The lectionary this week helps us answer the question, “Why wait?” with the passage from 2 Peter 3:8-15a.
As we begin this season of penitent preparation for the coming of our Lord, the lectionary bring St Paul’s salutation tot he Corinthian church to our attention. In so doing, we are admonished with ways by which we can wait with strength for the promises of God.
(Reposted due to uncertainty of original post being published.)
This last week of Advent, as we prepare in our lectionary for the coming of our Savior, we come across Psalm 80:1-7, 16-18, in which we long for the restoring hand of the promised messianic king. Jesus alone fulfills those hopes both now and in eternity, and as we experience his restoring power, we his people become the means by which others get to the see the undeniable hope of the he King who once came in humility but will soon come in glory.
Our local ecumenical ministerium in Somerset holds weekly services on Wednesdays at noon during the seasons of Advent and Lent, and I was at bat today. Using the Gospel lesson from Sunday, we looked at the life of Joseph and how we might know God’s will (hint: the Great Commandment).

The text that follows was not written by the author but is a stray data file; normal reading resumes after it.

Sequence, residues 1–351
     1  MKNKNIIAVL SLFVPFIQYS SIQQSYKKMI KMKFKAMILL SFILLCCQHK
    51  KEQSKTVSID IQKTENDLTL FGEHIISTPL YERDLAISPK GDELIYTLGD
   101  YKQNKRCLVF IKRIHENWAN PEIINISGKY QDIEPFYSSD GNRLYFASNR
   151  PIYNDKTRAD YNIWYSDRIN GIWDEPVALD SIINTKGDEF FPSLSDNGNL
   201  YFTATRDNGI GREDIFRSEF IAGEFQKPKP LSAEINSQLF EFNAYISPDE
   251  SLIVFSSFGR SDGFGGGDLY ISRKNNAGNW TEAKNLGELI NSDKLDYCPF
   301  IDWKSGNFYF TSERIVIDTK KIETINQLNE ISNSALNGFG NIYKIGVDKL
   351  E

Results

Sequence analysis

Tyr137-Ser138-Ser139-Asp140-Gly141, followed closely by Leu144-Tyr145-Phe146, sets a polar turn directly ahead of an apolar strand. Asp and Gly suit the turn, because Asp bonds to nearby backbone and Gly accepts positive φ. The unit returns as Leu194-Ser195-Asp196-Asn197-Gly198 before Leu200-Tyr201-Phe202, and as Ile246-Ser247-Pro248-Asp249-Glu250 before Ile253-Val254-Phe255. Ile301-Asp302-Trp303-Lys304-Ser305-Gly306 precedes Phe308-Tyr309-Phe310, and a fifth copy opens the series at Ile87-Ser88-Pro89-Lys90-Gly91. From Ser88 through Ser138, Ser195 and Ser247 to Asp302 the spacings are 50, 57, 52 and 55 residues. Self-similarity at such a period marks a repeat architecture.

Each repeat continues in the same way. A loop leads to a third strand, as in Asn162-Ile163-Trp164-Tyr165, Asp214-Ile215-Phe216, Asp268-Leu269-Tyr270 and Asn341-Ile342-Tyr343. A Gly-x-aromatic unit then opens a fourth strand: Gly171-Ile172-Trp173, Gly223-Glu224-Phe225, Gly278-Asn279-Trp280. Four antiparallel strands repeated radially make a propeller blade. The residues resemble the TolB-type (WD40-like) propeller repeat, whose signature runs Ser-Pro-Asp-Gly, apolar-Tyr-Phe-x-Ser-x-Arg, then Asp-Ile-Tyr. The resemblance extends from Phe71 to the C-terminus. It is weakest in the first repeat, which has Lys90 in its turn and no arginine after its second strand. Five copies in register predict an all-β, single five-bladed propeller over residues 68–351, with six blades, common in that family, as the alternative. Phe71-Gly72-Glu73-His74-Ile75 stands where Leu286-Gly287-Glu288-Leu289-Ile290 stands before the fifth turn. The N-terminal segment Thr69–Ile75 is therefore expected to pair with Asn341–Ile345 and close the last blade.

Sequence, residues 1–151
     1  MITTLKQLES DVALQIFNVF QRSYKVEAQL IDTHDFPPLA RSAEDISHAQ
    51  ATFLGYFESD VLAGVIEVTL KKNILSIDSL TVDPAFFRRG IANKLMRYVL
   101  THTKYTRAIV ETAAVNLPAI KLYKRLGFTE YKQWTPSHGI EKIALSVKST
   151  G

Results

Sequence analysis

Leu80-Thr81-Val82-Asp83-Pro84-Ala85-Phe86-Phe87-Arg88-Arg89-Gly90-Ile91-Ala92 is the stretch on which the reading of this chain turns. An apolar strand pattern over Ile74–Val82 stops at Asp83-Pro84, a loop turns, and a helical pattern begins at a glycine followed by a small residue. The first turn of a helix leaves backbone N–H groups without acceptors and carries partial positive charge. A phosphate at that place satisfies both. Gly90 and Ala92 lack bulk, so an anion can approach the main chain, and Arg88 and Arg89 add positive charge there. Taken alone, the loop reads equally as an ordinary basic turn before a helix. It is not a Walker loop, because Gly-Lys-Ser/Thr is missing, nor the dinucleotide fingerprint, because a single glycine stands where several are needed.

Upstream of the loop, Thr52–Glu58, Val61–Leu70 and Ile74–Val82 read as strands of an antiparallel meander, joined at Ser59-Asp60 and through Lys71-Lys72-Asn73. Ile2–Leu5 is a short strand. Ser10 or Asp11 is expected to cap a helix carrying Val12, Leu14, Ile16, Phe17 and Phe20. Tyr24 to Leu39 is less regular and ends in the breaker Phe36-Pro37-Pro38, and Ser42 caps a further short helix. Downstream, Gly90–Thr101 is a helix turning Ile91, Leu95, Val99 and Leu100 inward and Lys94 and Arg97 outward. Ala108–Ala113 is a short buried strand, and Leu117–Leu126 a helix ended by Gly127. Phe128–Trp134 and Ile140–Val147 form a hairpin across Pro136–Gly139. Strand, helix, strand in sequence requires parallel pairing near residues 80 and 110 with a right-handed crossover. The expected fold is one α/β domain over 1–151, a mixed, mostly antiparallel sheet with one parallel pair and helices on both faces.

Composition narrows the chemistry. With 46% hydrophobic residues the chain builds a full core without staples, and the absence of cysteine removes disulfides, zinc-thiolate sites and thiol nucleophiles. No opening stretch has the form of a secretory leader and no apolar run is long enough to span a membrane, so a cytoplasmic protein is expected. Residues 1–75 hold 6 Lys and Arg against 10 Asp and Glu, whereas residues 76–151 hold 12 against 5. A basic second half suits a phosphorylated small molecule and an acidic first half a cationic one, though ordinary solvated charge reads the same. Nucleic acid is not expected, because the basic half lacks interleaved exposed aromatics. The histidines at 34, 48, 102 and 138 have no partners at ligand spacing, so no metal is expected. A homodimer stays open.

This week the lectionary has us rejoicing in the words of Psalm 146 (beginning with 4 in the Book of Common Prayer). In it we find a God whose creative actions, dependable character, compassion for the poor and outcast, intolerance for wicked ways, and boundless reign make him worthy of all the praise we can give! So rejoice this Gaudete Sunday! Again, I say, rejoice!
This Second Week in Advent, what do you expect from those who govern you? In Psalm 72:1-7, 18-19, the Psalmist is looking for someone who seems to be fully human and fully divine. I only know one King who fits that description. Don’t settle for second best!
As we start Advent, Psalm 122 is placed within our readings, to encourage to gather, to do so joyfully, and to seek the good of those in God’s household both in prayer and action. May we ready our hearts for our Coming King!